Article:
ESPN’s slap-on-the-wrist of choice when its on-air employees get a little too boisterous on social media is the Twitter ban. ESPN’s Bill Simmons has, in the past, tweaked the network brass with his social opinionating and has been ordered to lay low on Twitter as a result. This week, ESPN enforced a no-tweet zone on baseball writer Keith Law. Deadspin noticed Law’s usually active Twitter feed—Law’s Tweeted nearly 54,000 times—went quiet on Wednesday after a dust up last week with former pitcher and current ESPN baseball analyst Curt Schilling over the issue of evolution. (Yes, you read that correctly.)
“That's no coincidence,” Deadspin reported on Friday, “[Law’s] been given a Twitter timeout by ESPN, and we're told that it's for loudly and repeatedly defending Charles Darwin from transitional fossil Curt Schilling, his Bristol colleague.” Schilling is decidedly anti-evolution. ESPN denied the suspension was due to Law’s science-based view of the world. "Keith's Twitter suspension had absolutely nothing to do with his opinions on the subject," ESPN said in a statement.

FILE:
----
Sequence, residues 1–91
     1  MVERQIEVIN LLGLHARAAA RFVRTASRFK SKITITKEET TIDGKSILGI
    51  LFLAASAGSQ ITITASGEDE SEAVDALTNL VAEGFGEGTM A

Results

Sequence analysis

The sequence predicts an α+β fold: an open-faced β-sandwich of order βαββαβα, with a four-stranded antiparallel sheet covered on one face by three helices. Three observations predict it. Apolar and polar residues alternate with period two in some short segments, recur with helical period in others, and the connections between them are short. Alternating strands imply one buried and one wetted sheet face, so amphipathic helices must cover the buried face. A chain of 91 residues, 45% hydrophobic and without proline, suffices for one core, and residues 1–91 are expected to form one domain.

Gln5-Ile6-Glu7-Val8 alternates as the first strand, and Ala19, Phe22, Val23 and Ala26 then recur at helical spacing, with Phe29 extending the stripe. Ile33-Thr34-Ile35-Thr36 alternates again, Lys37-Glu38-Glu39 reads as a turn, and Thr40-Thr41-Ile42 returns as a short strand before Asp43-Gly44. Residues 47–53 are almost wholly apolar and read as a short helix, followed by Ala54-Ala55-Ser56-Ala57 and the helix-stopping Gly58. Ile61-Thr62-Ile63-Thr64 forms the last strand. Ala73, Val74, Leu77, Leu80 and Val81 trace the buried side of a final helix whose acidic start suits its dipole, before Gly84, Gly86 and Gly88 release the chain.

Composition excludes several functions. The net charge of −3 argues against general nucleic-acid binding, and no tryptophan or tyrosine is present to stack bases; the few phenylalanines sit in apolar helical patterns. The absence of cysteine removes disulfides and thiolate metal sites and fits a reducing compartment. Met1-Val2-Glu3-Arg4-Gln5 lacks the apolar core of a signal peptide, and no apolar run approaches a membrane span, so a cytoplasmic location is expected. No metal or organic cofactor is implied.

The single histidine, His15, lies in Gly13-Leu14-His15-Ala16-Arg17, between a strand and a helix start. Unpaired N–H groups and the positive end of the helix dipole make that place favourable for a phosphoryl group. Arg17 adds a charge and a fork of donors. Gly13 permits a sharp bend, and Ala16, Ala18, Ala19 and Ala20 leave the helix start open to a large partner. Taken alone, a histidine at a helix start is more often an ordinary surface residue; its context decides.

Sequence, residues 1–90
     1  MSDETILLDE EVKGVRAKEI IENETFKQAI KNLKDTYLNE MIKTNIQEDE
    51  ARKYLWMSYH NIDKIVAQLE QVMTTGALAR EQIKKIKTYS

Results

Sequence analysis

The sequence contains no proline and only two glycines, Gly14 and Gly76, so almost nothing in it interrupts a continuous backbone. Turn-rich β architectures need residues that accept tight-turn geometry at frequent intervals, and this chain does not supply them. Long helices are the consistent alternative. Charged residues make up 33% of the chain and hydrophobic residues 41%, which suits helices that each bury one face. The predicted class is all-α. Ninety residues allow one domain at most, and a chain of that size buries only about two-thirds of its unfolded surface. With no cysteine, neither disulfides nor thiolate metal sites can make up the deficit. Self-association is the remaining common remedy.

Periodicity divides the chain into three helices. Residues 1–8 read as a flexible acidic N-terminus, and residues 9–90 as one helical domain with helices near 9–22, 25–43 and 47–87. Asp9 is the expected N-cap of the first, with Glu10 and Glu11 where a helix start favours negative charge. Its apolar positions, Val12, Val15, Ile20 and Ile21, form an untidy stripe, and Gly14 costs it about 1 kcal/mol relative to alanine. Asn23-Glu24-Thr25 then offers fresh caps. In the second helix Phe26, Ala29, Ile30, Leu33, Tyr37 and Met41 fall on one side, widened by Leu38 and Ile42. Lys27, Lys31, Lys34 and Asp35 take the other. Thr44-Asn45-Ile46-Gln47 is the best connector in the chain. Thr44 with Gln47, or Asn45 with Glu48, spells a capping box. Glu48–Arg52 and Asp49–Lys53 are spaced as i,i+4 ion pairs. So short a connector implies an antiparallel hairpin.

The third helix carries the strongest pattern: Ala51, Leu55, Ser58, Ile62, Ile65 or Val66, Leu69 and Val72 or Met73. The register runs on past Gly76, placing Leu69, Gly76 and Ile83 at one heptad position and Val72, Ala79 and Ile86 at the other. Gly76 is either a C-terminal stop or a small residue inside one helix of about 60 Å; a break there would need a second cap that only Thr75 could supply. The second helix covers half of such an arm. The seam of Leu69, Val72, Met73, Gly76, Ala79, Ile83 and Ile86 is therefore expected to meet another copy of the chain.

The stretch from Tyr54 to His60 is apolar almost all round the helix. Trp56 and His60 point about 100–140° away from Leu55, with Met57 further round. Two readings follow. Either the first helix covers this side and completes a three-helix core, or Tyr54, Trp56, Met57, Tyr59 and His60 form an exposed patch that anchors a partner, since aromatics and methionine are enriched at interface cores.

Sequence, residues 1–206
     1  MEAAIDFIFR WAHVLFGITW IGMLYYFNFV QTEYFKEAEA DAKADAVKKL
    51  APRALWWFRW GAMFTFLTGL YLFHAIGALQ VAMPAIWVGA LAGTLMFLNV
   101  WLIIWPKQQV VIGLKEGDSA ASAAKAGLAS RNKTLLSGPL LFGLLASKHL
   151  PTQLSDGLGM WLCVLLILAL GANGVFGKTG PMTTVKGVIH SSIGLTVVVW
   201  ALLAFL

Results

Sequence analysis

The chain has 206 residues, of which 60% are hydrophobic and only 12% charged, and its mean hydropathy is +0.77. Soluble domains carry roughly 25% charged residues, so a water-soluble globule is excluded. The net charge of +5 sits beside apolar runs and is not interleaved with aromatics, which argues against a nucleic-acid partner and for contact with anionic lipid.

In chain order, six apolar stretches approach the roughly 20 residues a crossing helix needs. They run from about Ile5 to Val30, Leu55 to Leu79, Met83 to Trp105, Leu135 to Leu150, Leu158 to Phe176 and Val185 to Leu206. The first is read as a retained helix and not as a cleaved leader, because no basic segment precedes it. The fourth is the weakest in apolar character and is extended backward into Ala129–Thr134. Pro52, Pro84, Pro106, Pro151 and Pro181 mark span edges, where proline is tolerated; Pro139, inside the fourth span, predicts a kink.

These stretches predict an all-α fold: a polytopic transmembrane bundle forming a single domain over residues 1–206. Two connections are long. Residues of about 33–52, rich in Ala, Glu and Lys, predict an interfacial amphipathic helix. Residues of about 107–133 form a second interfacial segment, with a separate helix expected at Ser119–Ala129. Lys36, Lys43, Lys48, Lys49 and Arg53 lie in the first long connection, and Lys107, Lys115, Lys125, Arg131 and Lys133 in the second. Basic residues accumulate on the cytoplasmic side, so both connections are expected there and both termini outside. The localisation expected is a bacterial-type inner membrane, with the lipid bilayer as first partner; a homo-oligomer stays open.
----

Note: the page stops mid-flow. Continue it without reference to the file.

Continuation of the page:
So, apparently, science is OK with ESPN. The network does, however, get a bit prickly about its employees going after one another on social media—despite essentially demanding it on air. Otherwise, Skip Bayless would be best known as the older brother of a famous chef. Perhaps, then, ESPN was unhappy with Law’s encouragement of using monkeys as weapons against colleagues? We’ll have to wait for more details on what exactly went down in Bristol. But here’s a portion of the Schilling/Law back-and-forth.
Settle in and listen to this world changing mind, he's eccentric and awesome, you have to rethink your world. https://t.co/Lf7FMjh00D— Curt Schilling (@gehrig38) November 12, 2014
Seriously, if someone says evolution is wrong because there aren't fossils between monkeys and men, find a monkey and hit him with it.— keithlaw (@keithlaw) November 13, 2014